A Legal Separation provides a means for you and your spouse to live separate financial lives while remaining legally married. Legal Separation is commonly used in the following situations:
- To obtain jurisdiction prior to the normal six month residency requirements for divorce.
- It allows couples to separate with a formal agreement on finances, custody and parenting time issues to attempt a reconciliation and to decide if divorce is what they truly want.
- It may provide a mechanism for retaining medical insurance which would be terminated by divorce.
- To avoid conflict with religious beliefs that conflict with the concept of divorce, allowing the parties to live separately and retain their marital status.
- To retain military benefits under the Uniformed Services Former Spouse Protection Act which requires 10 years of marriage.
- To retain Social Security benefits which require 10 years of marriage
- To enter into a Separation contract which can be incorporated into a Decree of Dissolution should divorce be necessary.
Separation, like dissolution, assumes that the parties have a valid marriage. See ORS 107.025. A legal separation merely suspends the effect of the marriage with regard to cohabitation. The parties are separated and their obligation to live together as husband and wife is suspended, at least for a given term, but the marriage itself is not affected.
At least one of the parties in a separation action must be a resident of or domiciled in Oregon when the suit is commenced. ORS 107.075(3). Unlike dissolution, no period of residence within the state is required before filing a suit for separation. ORS 107.075(2). The parties need not have been married in Oregon to establish jurisdiction here.
The grounds for a judgment of separation are set forth in the alternative in ORS 107.025:
(1) Irreconcilable differences between the parties have caused the irremediable breakdown of the marriage (only for permanent or unlimited separation);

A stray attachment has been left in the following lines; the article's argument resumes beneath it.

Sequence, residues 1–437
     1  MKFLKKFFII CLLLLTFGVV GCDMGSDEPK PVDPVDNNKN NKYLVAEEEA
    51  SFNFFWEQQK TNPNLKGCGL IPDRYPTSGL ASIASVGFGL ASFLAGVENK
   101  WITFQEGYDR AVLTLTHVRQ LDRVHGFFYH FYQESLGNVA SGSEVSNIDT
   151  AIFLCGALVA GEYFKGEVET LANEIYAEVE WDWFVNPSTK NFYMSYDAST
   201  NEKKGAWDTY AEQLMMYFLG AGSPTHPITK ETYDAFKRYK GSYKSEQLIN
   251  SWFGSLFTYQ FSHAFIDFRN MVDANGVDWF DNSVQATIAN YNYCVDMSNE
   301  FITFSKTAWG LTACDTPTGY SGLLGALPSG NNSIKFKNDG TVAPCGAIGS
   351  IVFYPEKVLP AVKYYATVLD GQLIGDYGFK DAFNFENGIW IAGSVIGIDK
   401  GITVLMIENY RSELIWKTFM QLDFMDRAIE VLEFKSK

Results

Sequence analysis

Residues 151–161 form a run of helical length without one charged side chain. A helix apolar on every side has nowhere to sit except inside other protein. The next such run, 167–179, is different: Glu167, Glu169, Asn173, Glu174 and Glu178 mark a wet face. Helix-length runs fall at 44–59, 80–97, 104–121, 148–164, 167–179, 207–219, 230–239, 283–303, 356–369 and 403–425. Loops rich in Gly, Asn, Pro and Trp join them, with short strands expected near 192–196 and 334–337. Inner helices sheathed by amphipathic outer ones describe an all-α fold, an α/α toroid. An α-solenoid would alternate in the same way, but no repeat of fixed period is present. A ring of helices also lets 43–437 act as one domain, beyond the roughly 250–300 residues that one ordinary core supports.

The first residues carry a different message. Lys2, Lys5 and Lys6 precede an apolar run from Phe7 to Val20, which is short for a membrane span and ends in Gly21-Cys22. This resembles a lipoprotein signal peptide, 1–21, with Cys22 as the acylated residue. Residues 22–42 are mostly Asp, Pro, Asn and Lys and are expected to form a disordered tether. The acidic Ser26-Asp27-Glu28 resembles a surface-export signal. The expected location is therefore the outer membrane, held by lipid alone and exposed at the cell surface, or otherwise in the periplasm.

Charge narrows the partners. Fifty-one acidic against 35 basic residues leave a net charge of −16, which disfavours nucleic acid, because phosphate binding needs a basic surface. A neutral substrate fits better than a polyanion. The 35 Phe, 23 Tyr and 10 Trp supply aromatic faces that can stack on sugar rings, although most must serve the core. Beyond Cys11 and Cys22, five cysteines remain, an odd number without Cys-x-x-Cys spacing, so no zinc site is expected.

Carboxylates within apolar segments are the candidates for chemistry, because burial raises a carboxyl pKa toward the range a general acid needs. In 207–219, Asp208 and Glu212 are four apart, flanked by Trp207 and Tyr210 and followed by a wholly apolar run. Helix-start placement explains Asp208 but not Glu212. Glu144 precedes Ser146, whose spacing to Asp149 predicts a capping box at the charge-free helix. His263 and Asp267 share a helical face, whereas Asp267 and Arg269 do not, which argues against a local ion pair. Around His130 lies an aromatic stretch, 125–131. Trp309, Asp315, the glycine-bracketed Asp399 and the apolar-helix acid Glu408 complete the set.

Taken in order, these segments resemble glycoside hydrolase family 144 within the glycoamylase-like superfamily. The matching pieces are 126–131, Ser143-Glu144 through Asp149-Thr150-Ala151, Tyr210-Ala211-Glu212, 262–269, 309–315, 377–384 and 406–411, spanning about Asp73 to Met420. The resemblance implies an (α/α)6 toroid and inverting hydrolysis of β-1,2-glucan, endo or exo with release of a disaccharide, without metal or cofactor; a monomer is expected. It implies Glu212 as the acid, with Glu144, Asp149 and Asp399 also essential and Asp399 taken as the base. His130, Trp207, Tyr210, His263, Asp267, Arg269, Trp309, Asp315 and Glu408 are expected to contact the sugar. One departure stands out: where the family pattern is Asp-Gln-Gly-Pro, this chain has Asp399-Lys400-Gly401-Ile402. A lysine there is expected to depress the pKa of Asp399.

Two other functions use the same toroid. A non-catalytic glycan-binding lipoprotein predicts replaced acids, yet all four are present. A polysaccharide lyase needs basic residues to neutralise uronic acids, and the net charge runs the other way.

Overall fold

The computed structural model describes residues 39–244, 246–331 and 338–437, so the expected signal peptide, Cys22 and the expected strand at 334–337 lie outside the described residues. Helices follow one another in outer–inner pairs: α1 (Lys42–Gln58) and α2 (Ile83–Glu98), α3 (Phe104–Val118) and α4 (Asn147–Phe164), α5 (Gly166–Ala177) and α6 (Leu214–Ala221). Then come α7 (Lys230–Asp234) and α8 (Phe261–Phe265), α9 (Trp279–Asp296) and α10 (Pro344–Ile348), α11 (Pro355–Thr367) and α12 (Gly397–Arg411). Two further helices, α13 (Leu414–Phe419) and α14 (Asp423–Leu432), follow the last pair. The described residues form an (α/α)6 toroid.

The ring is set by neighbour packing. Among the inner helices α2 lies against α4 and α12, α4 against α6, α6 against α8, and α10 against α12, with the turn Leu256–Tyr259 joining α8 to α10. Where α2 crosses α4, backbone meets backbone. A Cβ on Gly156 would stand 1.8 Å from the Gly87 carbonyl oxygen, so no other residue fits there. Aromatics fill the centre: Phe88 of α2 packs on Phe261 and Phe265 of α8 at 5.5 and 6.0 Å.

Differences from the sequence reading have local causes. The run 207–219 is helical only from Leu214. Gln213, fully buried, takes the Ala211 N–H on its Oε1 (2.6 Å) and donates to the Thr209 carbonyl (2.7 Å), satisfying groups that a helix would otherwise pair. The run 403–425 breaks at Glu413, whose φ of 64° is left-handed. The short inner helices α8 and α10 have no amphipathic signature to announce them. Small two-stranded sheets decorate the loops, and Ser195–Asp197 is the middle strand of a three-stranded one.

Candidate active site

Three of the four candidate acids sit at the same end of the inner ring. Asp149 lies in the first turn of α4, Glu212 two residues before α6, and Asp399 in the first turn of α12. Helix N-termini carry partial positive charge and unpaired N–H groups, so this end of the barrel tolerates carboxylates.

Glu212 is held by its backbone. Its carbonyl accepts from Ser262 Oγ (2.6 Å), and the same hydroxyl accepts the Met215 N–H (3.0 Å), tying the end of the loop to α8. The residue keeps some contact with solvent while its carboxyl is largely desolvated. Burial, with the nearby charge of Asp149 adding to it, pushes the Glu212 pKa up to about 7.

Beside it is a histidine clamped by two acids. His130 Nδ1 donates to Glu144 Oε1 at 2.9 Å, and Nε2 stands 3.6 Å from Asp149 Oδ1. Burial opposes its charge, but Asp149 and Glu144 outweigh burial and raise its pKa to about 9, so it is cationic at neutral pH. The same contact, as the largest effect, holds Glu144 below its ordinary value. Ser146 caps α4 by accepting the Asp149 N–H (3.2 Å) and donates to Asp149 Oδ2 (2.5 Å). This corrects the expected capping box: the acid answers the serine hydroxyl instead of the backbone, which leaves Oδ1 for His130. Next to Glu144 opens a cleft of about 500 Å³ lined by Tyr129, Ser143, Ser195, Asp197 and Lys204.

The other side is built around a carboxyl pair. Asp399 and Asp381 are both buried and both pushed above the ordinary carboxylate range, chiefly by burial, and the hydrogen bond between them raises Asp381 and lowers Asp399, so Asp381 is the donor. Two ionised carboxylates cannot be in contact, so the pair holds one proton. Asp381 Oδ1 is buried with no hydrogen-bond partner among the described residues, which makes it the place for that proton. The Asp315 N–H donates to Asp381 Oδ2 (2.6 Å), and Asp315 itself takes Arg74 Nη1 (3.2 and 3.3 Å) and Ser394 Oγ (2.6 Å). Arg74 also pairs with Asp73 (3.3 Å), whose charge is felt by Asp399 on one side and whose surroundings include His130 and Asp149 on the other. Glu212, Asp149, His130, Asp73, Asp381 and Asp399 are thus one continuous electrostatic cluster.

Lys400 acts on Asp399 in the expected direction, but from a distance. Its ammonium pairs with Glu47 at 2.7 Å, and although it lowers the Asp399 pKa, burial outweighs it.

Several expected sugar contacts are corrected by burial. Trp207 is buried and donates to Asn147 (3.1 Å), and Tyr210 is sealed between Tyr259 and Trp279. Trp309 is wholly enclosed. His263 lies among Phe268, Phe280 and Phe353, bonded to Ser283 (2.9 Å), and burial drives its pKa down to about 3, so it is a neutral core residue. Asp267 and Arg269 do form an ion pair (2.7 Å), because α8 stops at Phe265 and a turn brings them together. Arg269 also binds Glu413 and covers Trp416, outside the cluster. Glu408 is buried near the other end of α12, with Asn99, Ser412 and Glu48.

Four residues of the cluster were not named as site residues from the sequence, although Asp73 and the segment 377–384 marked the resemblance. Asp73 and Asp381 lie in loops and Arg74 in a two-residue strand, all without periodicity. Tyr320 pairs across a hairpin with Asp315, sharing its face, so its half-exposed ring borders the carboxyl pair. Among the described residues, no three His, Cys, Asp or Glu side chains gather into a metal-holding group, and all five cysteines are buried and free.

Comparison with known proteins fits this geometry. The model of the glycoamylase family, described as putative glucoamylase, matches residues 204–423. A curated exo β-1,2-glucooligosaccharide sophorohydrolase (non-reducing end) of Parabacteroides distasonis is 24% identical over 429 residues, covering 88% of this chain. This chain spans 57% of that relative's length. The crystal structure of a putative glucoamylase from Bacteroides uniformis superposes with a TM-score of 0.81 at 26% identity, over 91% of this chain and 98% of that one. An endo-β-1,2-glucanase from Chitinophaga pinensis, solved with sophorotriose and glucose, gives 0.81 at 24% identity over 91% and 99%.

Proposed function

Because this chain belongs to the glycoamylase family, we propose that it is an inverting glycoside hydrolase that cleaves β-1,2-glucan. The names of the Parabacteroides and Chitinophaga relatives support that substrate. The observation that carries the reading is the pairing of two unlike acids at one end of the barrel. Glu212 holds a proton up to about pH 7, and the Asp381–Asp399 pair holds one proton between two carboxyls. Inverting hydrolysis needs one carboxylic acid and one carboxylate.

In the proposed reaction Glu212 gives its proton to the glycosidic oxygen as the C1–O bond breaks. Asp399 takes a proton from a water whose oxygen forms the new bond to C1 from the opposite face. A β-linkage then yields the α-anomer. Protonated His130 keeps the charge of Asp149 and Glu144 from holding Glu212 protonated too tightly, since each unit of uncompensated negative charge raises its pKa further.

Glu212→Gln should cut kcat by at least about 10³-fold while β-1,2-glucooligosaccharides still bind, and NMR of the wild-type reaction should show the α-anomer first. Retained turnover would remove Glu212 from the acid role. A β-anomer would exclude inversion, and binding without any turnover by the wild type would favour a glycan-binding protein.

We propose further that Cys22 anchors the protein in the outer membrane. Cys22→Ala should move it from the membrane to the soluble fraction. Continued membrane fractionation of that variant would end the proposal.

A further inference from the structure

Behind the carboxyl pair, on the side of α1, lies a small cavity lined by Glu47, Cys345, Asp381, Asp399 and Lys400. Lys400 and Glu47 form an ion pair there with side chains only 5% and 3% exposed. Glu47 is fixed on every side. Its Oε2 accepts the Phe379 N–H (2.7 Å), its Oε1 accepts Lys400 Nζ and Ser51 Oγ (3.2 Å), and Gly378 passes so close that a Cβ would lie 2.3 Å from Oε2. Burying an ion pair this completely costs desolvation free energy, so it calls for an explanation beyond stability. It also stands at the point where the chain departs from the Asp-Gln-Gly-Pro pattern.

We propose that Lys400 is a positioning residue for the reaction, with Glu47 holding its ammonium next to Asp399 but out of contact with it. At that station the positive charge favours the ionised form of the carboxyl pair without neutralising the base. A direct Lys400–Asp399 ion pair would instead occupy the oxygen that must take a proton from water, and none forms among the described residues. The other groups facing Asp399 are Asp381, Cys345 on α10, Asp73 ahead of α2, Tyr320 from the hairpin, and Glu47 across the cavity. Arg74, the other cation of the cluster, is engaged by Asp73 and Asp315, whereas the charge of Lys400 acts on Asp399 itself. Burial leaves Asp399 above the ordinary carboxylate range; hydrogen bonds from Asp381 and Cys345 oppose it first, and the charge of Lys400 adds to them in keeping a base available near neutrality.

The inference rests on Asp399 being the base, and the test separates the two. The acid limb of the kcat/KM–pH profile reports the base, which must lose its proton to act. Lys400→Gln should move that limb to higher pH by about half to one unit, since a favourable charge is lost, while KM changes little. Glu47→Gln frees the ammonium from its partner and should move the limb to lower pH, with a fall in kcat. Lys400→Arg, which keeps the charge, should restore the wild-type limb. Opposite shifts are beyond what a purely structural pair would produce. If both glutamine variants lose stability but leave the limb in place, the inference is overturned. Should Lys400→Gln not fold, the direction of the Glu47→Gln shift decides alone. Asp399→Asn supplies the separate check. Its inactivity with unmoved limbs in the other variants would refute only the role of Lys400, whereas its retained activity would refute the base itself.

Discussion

(2) Irreconcilable differences between the parties have caused a temporary or unlimited breakdown of the marriage;
(3) The parties make and file with the court an agreement suspending for a period of at least one year their obligation to live together as husband and wife, and the court finds that agreement to be just and equitable; or
(4) Irreconcilable differences exist between the parties and the continuation of their status as married persons preserves or protects a legal, financial, social, or religious interest.
A judgment of separation must state the duration of the separation. ORS 107.036(4). The duration may be unlimited, permanent, or for a specific period.
There is no 90-day wait before taking a judgment in a separation suit. Compare ORS 107.065 (dissolution).
When the court grants a separation judgment, it may also provide for the support of a party and children. ORS 107.105(1).
Within two years after a judgment of separation is entered, the court may convert a judgment of legal separation into a judgment of dissolution. Either party may file a motion for an order to show cause why a judgment of separation should not be converted to a judgment of dissolution. The notice must be served (in the manner for serving a summons) on the other party at least 30 days before the scheduled hearing. The court then may convert the judgment of separation into a judgment of dissolution of marriage. The other party may file a written consent to conversion and waive the hearing at any time before the hearing. ORS 107.465(1).
A couple may make a separation agreement (sometimes known as a marital settlement agreement or a property settlement agreement) between themselves, and that agreement can later be incorporated into the judgment. Separation agreements offer the separating couple an opportunity for greater flexibility and speed in the distribution of assets and obligations.
If you would like to learn more about Legal Separation call the Law Offices of Paul F. Sherman at (503) 223-8441 for expert legal advice or Contact Us for a Free Legal Separation consultation.